On Wednesday 5 October 2016 we were joined by Fr.Atta Barkindo, from The Kukah Center and doctoral research candidate at SOAS, and Hilary Matfess, from the Institute for Defense Analyses. The event also launched ARI’s latest Counterpoint – “How Boko Haram exploits history and memory” by Fr. Atta Barkindo.
Fr. Atta Barkindo
- To understand the appeal of Boko Haram you need to make a distinction between the period prior to 2009 and the period after 2009. In the early 2000s people donated money to the group because they wanted to support the Islamic values it promoted. At that stage Boko Haram was not violent, and as such it was able to freely communicate with people about its religious beliefs and values. After 2009, when the approach became violent, people became less likely to join or support the group voluntarily, though many still did. The emergence of Boko Haram is not as important to understand as the why and how of the group’s transformation.
- Boko Haram’s leaders, Mohammed Yusuf and Abubakar Shekau, have made use of the region’s history and exploited a collective memory. Translating over 50 of their YouTube videos I was struck by how frequently they referred to the Kanem-Bornu empire. What this has enabled them to do is successfully localise jihadi-salafi ideology. They describe Kanem-Bornu as a flourishing Islamic empire with good economic relations that were destroyed by the colonial powers who not only took it over but replaced it with a corrupt, western secular state system. It is against this system that Shekau constantly rails. The historical account may not be accurate, but it serves an important function for Boko Haram. They use history and memory for three things: target selection, atrocity justification and recruitment. When I interviewed former Boko Haram members in prison they could repeat verbatim sections of the YouTube videos I had transcribed.
- If you are really going to be serious about counter-radicalisation then you really need to sit down and listen to what these people have to say. This was not the approach taken at the start of the conflict. The Nigerian government saw them as poor, hungry, ignorant people – President Goodluck Jonathan called them “faceless masquerades and ghosts”. But Nigeria is now approaching its eighth year of military engagement with Boko Haram and the end of the conflict is not yet in sight. The violence perpetrated by the insurgents is abhorrent. But if we listen to them, their grievances reflect the voices and concerns of a particular set of people in a particular environment and context. For me, you can kill every single member of Boko Haram, but unless you understand how the group thinks and the environment from which it has emerged you will not eradicate them.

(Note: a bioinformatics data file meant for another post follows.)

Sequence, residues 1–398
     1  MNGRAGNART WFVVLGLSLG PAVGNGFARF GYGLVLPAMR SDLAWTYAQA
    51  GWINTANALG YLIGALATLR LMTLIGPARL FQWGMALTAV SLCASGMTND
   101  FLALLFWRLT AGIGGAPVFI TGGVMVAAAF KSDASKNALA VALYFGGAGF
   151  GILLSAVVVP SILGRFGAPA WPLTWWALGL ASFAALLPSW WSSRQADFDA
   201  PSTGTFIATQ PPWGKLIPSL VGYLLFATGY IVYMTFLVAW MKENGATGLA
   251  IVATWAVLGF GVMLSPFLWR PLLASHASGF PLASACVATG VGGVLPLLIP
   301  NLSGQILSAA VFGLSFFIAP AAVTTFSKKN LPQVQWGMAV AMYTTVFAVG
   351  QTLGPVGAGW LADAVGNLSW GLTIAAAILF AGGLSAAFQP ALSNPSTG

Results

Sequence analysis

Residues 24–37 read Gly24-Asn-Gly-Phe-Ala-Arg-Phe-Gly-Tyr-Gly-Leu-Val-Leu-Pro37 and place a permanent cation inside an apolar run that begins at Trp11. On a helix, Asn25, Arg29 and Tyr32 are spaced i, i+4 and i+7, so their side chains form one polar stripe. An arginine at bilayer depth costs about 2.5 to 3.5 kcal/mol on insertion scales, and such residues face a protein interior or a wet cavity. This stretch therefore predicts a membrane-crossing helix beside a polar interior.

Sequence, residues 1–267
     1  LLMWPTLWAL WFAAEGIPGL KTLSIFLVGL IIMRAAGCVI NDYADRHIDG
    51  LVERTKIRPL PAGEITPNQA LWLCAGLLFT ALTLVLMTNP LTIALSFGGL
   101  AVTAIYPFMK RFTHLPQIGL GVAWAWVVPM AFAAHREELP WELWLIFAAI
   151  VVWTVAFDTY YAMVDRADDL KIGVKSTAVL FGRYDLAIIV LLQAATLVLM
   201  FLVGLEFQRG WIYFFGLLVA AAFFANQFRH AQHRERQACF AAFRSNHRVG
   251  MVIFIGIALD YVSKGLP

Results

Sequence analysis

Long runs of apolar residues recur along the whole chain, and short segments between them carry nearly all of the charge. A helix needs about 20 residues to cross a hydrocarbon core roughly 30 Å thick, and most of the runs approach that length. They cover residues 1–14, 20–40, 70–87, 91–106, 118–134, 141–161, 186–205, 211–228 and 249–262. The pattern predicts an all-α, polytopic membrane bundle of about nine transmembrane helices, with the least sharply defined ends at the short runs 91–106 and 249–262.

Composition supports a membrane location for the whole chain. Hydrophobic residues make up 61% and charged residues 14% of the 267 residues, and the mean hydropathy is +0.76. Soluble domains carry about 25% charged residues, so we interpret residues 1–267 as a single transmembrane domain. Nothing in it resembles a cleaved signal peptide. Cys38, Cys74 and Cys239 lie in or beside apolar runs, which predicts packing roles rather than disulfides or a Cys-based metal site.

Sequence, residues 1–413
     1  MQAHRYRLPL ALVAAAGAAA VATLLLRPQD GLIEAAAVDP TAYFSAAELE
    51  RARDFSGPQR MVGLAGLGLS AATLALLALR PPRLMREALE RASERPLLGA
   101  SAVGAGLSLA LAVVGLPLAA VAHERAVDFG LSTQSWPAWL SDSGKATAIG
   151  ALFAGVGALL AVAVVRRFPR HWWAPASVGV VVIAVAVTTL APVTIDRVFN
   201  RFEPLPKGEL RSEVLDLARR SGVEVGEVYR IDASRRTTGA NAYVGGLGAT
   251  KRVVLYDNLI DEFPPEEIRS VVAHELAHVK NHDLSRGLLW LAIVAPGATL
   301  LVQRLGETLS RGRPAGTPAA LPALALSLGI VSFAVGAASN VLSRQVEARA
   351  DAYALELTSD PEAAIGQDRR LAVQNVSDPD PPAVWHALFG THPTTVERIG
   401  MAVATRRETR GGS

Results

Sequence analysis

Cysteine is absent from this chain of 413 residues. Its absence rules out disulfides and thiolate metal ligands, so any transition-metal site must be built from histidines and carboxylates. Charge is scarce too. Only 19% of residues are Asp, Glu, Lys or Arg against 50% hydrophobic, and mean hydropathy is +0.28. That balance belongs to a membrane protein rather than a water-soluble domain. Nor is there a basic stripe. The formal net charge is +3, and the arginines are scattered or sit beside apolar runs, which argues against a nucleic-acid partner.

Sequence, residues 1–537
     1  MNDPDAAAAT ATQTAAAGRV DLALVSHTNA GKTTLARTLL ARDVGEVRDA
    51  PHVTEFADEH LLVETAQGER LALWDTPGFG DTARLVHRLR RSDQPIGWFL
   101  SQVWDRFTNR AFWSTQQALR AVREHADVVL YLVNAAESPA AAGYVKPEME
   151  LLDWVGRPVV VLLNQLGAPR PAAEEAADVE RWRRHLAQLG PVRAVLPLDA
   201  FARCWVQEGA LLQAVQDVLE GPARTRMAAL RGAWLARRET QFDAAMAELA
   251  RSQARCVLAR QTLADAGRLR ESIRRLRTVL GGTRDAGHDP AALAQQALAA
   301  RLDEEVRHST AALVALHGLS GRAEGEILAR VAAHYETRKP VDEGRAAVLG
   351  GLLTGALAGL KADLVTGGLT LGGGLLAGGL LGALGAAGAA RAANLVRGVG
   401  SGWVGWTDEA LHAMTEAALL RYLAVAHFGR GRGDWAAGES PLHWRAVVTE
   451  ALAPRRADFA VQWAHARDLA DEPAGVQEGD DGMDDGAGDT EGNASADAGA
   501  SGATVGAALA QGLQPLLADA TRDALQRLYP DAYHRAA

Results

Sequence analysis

- The socio-economic and political environment in north-east Nigeria lends itself to the emergence of groups like Boko Haram. Citizens feel marginalised and ignored by the government, both at federal and state levels. The construct of the western state has been imposed on northern Nigerians without noticeable improvements to their daily lives. The Nigerian state is dominated by corruption, identity politics and impunity. These are drivers of conflict across the country and are why we see the continuation of conflicts in the Delta and between pastoralists and farmers.
- Boko Haram is not a Kanuri movement, and a lot of Kanuris denounce Boko Haram, but at the same time Kanuri identity and networks have been co-opted by the group. Shekau has taken advantage of local worker unions and utilised the Kanuri language to manoeuvre in the region. Historically, Maiduguri, the capital of Borno State, has been connected not with Lagos but with towns and people across the borders in Chad, Niger and Cameroon. These connections have been utilised by Boko Haram to outsmart the Nigerian military, whose reliance on the use of federal character principles mean that many soldiers fighting Boko Haram do so without an understanding of the language, the culture and the history of the region.
- The role of gender is poorly understood in conflict studies generally. The tendency is to group “women and children” together, but in doing so we give the same agency to a child as we do to a woman. As “victims” is not the only way to understand the experience of women in Boko Haram.